WASHINGTON (Reuters) - Meghan McCain on Friday questioned how the White House aide who disparaged her ailing father, Republican U.S. Senator John McCain, during a meeting, still has a job.

FILE PHOTO: Sen. John McCain (R-AZ) speaks at a press conference about the National Defense Authorization Act in Washington, U.S., October 25, 2017. REUTERS/Aaron P. Bernstein/File Photo

Kelly Sadler, a White House communications aide, dismissed Senator McCain’s objection to President Donald Trump’s nominee to be CIA director, Gina Haspel, by saying that it “doesn’t matter, he’s dying anyway,” a source familiar with the closed White House meeting told Reuters.

Speaking on the ABC show “The View,” which she co-hosts, Meghan McCain said she wanted to inform Sadler that her father’s battle with brain cancer has made her realize the meaning of life was “not how you die, it is how you live.”

“I don’t understand what kind of environment you’re working in when that would be acceptable, and then you can come to work the next day and still have a job,” McCain said.

John McCain, who has spent the last several weeks convalescing at his home in Arizona as he battles brain cancer, released a statement after Haspel’s confirmation hearing on Wednesday, slamming her for refusing to condemn torture. He recommended his fellow senators vote against her.

McCain is not expected to return to Washington to cast a vote on her nomination.

McCain was tortured as a prisoner of war during the Vietnam War, sustaining injuries from which he has never completely recovered.

Several of McCain’s fellow Republicans on Capitol Hill have condemned Sadler’s remarks.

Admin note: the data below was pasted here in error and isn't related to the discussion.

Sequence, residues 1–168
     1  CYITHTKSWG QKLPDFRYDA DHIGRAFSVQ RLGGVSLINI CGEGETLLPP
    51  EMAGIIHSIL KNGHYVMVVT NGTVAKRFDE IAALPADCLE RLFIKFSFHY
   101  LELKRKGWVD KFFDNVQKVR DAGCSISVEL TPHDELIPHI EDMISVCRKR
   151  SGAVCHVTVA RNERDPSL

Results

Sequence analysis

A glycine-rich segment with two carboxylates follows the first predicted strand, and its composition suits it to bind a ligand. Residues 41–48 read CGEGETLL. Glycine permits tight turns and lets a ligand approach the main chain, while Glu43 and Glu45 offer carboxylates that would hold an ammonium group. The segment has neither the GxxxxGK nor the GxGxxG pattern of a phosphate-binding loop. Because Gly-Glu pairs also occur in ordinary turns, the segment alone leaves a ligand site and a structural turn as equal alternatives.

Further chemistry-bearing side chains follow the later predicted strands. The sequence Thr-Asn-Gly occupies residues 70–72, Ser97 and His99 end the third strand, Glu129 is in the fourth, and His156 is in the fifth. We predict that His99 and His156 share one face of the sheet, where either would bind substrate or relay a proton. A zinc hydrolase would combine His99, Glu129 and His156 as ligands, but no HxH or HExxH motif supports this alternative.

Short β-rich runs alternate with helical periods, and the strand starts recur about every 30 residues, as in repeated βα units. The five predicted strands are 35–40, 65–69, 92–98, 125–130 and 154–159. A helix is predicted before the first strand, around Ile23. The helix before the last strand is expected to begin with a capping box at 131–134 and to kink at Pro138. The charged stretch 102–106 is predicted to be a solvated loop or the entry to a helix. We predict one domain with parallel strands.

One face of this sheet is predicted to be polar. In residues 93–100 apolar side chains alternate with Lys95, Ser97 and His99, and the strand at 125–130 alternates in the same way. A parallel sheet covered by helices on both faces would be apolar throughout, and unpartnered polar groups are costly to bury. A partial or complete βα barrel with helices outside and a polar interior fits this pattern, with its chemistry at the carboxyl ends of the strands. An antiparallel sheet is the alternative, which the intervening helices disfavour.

Jeff Flake, Arizona’s other senator and a frequent critic of the White House under Trump, tweeted an article about the comments and wrote: “There are no words.”

Iowa Senator Joni Ernst tweeted that the United States should “treat this war hero and his family with the civility and respect they deserve.”

Republican Representative Walter Jones of North Carolina said Sadler’s comments were “outrageous & unacceptable” and demanded a public apology.

Meghan McCain thanked the public for its support and said nobody should feel sorry for her or her family.

“My father’s legacy is going to be talked about for hundreds and hundreds of years,” she said. “These people - nothing burgers.”

Sadler’s comments were reported the same day that a guest on Fox Business Network, retired Air Force Lieutenant General Thomas McInerney, suggested McCain divulged critical information to the North Vietnamese after being tortured.

A network spokesperson said McInerney would no longer be invited on the Fox Business Network or Fox News.

Reporting by Justin Mitchell, Additional reporting by Steve Holland; Editing by Doina Chiacu and Dan Grebler

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